Most recently, the FDA held a two-day advisory committee meeting to tackle the potential device shortage concerns from EtO plant closures, and the agency’s experts discussed topics including other sterilization methods, allowing use of less EtO to clean devices and dropping the required sterility assurance level. The new pilot program is a direct result of the FDA’s advisors asking the agency to come up with a more streamlined process for sterilizers and manufacturers to make changes to their EtO facilities and processes. (Also see "US FDA Experts Caution Against Banning EtO, Encourage More Duodenoscope Training" - Medtech Insight, 8 Nov, 2019.)

The agency is taking a very narrow approach in terms of which sterilizers and what types of devices would be eligible for the pilot. For example, reusable devices or those that have undergone a design or packaging change would not be eligible. Also, sterilizers that do not already have an approved fixed chamber EtO sterilization or use cycle parameters outside the validated tolerances recognized by the FDA are left out of the pilot.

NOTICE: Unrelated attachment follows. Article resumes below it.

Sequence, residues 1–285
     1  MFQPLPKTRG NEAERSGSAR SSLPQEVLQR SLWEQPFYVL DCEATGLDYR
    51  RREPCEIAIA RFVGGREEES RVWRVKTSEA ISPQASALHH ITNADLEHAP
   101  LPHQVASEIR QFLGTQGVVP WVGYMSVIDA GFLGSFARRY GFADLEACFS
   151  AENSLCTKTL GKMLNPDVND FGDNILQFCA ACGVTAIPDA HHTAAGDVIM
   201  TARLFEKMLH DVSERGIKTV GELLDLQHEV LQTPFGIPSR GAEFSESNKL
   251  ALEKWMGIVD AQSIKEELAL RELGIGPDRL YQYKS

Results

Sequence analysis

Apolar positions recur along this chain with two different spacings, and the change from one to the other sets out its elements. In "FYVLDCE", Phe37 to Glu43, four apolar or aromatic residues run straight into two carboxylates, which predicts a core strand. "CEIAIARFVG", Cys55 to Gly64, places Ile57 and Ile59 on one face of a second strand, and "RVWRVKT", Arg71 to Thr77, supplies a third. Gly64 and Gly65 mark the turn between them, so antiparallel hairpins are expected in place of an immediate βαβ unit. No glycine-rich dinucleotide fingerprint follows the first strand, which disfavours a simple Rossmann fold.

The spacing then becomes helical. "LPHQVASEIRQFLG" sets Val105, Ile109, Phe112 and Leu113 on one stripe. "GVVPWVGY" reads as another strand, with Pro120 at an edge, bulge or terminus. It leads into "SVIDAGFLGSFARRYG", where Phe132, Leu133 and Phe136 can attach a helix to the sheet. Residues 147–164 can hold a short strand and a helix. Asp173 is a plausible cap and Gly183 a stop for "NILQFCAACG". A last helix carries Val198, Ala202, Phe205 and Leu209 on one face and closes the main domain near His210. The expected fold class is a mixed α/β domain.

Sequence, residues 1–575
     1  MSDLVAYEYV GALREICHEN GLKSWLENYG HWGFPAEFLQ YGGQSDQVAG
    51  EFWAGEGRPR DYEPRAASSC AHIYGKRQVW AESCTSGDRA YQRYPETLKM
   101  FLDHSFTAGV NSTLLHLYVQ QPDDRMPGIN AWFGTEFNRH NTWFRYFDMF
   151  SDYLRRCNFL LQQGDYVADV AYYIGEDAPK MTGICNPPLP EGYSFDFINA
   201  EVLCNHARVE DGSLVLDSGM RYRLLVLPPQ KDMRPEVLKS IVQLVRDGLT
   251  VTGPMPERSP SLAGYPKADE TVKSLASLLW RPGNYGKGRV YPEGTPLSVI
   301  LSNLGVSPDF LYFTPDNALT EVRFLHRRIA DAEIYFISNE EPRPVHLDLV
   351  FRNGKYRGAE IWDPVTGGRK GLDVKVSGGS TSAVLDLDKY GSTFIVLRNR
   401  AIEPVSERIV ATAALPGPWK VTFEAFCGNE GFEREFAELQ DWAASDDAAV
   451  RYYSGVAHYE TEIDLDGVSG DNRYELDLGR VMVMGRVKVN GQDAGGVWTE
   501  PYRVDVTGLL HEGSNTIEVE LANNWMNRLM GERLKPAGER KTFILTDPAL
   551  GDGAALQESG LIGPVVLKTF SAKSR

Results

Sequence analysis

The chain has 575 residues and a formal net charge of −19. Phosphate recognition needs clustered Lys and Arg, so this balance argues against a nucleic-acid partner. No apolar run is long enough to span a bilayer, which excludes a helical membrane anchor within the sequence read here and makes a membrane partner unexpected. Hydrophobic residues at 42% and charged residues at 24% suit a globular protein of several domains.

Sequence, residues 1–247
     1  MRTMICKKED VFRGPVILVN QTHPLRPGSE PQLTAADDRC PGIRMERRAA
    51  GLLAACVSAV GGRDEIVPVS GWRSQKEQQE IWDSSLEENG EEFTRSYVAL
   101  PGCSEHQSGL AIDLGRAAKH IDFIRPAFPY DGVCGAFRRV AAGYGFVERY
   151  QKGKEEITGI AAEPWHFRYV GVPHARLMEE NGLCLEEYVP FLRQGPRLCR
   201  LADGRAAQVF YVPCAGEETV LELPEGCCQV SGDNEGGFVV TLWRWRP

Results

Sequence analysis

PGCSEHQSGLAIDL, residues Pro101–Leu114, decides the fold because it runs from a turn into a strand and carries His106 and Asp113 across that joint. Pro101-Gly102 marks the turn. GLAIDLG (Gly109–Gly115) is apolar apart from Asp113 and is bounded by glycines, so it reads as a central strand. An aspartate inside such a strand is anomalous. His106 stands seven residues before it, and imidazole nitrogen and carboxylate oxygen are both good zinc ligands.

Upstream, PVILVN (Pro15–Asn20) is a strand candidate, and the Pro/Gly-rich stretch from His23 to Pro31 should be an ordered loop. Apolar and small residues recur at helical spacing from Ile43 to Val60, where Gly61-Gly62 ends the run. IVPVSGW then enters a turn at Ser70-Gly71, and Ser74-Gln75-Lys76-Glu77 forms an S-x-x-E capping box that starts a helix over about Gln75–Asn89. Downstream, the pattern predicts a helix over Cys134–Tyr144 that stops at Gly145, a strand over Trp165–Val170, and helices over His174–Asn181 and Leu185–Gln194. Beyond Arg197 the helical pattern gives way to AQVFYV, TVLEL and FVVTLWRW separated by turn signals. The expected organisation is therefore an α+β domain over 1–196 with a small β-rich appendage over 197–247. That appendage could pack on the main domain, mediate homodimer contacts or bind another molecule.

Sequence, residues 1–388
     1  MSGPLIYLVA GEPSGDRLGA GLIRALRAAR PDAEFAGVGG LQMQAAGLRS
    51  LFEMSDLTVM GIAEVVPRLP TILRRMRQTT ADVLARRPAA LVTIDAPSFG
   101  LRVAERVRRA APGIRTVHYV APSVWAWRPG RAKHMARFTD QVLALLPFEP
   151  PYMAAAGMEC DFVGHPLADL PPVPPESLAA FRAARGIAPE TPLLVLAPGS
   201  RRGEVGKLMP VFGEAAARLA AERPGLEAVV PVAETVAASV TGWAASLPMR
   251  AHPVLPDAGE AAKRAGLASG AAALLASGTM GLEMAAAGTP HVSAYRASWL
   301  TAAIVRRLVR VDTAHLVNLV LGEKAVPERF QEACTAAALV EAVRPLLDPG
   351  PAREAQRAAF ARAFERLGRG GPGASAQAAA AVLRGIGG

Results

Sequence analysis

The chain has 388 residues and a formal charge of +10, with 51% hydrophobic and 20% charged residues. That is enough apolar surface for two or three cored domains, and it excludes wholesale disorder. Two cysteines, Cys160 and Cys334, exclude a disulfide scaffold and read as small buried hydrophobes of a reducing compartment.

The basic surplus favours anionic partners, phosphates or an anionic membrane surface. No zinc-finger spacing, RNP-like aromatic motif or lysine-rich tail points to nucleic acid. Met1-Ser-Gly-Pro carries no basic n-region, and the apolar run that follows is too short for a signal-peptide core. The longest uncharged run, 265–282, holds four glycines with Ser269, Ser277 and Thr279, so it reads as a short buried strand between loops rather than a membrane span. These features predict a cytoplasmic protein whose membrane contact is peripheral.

The pilot also isn’t for PMAs that are reviewed by the FDA’s Center for Biologics Evaluation and Research (CBER) or those that are considered a part of a combination product.

During the recent advisory committee meeting, experts proposed that the FDA may want to explore allowing a lower sterility assurance level, which is based on internationally agreed upon voluntary consensus standards when cleaning medical devices. However, in the pilot the agency is maintaining the same level of sterility assurance it currently uses as a gold standard. (Also see "Listen: Medtronic Exec Highlights Ethylene Oxide Standards At First Day Of FDA EtO Meeting" - Medtech Insight, 7 Nov, 2019.)

The FDA says it will evaluate pilot participants over the next six months and provide any updates when appropriate. Further, the pilot doesn’t absolve manufacturers from submitting annual reports identifying any changes to their PMA.